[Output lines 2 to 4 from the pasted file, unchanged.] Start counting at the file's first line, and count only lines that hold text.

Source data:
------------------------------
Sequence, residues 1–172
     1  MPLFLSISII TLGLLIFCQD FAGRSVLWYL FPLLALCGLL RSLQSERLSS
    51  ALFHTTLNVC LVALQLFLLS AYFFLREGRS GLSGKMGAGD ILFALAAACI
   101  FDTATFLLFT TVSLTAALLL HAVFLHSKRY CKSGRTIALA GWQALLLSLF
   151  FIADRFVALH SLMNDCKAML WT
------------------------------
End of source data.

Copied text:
     1  MPLFLSISII TLGLLIFCQD FAGRSVLWYL FPLLALCGLL RSLQSERLSS
    51  ALFHTTLNVC LVALQLFLLS AYFFLREGRS GLSGKMGAGD ILFALAAACI
   101  FDTATFLLFT TVSLTAALLL HAVFLHSKRY CKSGRTIALA GWQALLLSLF